In Oromia, Industrial Parks are becoming an engine of rapid idustrialization that nurture manufacturing industries.
70% of the oromia populations are youth under 30years and they are educated, skilled and have high work rate.
Turnover tax at 2% for priority sectors such as tractors, combine harvesting, grain mill &Corporate income tax is 30%,
Fast, Friendly First Contact, Delight On-Site Service, A Variety of Excellent Food and Drink and Distinctive Well-Equipped Guest Rooms.
Distinctive Architecture, upscale lodgings, ballroom, entertainment, restaurants, shopping and recreational activities such as swimming.
Accessable, affordable, comfortable and incredibly organized in the process of carring & transporting from one place to another.
Abijatta-Shalla Lakes National Park
Situated in the Great Rift Valley, only 200 kilometers (124 miles) south of Addis Ababa, and in the Lake Langano recreational areas, the Abijatta Shalla lakes National Park attracts numerous visitors. Using Lake Langano as your base, it is an easy trip to visit the National Park, which is 887 square kilometers in size, 482 of these being water.The altitude of the park ranges from 1540 to 2075 meters, the highest peak being mount Fike, situated between the two lakes. The network of tracks in this park is always developing. At present you can enter at four different points, three of which are inter connected. Approaching from Addis you first reach the Horakello entrance, where the small Horakello stream flows between lakes Langano and Abijatta.
It was created primarily for its aquatic bird life, particularly those that feed and breed on lakes Abijatta and Shalla in Large numbers. The park compresses the two lakes, the isthmus between them and a thin strip of land along the shorelines of each. Developments have been limited to a number of tracks on land, and the construction of seven outposts. While attention is focused on the water birds, the land area does contain a reasonable amount of other wildlife.
Abijatta and Shalla are both terminal lakes but very different in nature. The surrounding area is mainly acacia woodland, some of which is very degraded by man. Lake Abijatta is a shallow pan, only fourteen metres (46 feet) deep, and its level fluctuates periodically, caused in part by human activity but often by natural phenomena as yet not fully understood. The beaches are unstable and saline, and vehicles must not venture too close as there is a very real danger of sinking.
Lake Shalla, by contrast, is, at 260 metres (853 feet), Ethiopia's deepest Rift Valley lake, possibly the deepest lake in Africa north of the Equator. It is an exceptionally beautiful and still largely untouched stretch of water, with several hot springs that bubble up by the shore and flow into the lake.
The sides are steep and rocky often right down to the shore. Although swimming is considered safe, it may feel strange: the water's colour is like cold tea and there is a high concentration of salts, making it feel soapy. Few fish are found in this lake.
The park was created for the many aquatic bird species that use the lakes, particularly great white pelicans and greater and lesser flamingo. Shalla islands are used as breeding sites by many birds, and is home to the continent's most important breeding colony of great white pelicans. Because of the lake's lack of fish, the birds fly to Lake Abijatta which has no islands to feed. Other birds include white necked cormorant, African fish eagle, Egyptian geese, various plover species, and herons.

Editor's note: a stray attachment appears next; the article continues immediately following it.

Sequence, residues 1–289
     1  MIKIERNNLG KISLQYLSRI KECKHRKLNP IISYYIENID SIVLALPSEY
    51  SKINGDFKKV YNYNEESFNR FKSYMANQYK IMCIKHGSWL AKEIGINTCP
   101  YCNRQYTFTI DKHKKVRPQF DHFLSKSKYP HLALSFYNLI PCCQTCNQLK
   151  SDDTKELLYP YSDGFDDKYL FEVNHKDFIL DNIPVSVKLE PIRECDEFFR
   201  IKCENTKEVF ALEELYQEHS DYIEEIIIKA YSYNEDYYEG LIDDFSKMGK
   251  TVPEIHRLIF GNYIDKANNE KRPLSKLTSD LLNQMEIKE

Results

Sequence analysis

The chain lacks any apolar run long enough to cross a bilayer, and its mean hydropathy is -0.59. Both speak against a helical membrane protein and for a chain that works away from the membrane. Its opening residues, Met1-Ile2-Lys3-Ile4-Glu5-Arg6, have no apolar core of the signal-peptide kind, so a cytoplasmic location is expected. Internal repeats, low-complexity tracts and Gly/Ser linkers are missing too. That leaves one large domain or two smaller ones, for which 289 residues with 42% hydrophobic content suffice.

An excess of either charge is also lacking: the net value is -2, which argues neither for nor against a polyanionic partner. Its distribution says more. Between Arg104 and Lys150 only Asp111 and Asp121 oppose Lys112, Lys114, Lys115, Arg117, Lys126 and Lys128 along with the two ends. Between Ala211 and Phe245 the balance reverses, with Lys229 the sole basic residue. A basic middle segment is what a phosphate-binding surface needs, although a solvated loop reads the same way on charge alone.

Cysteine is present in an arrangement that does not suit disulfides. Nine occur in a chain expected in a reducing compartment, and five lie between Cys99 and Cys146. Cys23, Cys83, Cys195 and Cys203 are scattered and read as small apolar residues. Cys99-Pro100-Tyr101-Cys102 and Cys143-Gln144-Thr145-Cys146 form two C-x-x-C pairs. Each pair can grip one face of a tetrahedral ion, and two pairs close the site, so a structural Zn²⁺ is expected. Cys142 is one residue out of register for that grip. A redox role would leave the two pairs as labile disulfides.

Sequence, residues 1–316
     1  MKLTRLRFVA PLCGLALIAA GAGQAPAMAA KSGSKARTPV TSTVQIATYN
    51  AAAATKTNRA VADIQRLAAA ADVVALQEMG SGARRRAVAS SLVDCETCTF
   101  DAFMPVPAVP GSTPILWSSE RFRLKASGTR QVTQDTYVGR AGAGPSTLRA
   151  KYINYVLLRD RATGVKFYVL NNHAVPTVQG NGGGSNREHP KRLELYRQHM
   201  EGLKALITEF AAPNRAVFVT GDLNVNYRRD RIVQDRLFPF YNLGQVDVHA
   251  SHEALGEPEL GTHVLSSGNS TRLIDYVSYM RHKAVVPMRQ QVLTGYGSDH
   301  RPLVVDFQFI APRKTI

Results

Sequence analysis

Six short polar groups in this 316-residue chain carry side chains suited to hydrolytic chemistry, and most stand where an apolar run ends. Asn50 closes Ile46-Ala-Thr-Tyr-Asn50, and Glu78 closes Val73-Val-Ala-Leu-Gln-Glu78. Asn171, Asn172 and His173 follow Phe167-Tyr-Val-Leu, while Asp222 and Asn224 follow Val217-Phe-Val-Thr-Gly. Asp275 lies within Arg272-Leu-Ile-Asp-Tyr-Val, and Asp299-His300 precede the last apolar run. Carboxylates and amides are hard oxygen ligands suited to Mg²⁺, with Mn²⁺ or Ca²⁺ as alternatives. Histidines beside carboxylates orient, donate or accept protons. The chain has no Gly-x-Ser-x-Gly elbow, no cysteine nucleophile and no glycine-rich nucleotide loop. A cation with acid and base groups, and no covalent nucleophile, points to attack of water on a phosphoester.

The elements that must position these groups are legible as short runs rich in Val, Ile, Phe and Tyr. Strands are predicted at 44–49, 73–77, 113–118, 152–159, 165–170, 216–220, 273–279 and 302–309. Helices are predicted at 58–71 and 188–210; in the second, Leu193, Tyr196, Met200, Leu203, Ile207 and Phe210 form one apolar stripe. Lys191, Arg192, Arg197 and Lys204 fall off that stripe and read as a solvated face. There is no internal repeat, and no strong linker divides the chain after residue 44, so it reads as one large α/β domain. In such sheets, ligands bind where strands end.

Local mammals are not numerous but include Grant's gazelle the northern limit for this species greater kudu, oribi, warthog, and golden jackal.
It has one of the highest wetland bird diversity in EthiopiaIt is home to 144 water bird species, which is in effect 70.6% of the total wetland bird species for the country.It is the most important breeding location for the Great White PelicanIt is known to be the best site in the country to find high number of Lesser Flamingos Acts as a staging ground for thousands of migrating waders and ducks during the palaearctic migration period.Shalla is one of the deepest lakes in Africa and is reputedly one of the widest calderas on the continent.
Over 400 species have been recorded from the park. The park is at one of the narrowest parts of the Great Rift Valley, a major flyway for both Palearctic and African migrants, particularly raptors, flamingos and other waterbirds. Among the globally threatened species known from the park are: Aquila heliaca (a rare passage migrant); Falco naumanni (an uncommon passage migrant with a few wintering); Circus macrourus (fairly common passage migrant, with a few wintering); and Acrocephalus griseldis (status unknown). Glareola nordmanni has also been recorded.
Fish-eating birds have mostly abandoned the park since the fish in Lake Abijatta died out. However, huge numbers of many wetland species remain, such as Phoenicopterus ruber, P. minor (the numbers of which fluctuate), Anas clypeata and Charadrius pecuarius. The fringes of Lake Abijatta form an important feeding and resting ground for waders and ducks, particularly Anas clypeata, Recurvirostra avosetta, Calidris minuta and Philomachus pugnax. Smaller insectivores, such as Motacilla flava and Hirundo rustica, have also been recorded in massive numbers. The islands of Lake Shalla used to be important breeding sites for cormorants, storks and pelicans, and colonies of Phalacrocorax carbo and small numbers of Pelecanus onocrotalus still occur.
One endemic, Poicephalus flavifrons, and five Afrotropical Highlands biome species have also been recorded. Among the unusual visitors to Lake Abijatta are Calidris alpina, C. melanotos, Charadrius mongolus, C. alexandrinus, Pluvialis fulva, P. squatorola, Phalaropus lobatus, Glareola nordmanni, Grus carunculatus , Netta erythropthalma, Larus ichthyaetus and L. cachinnans.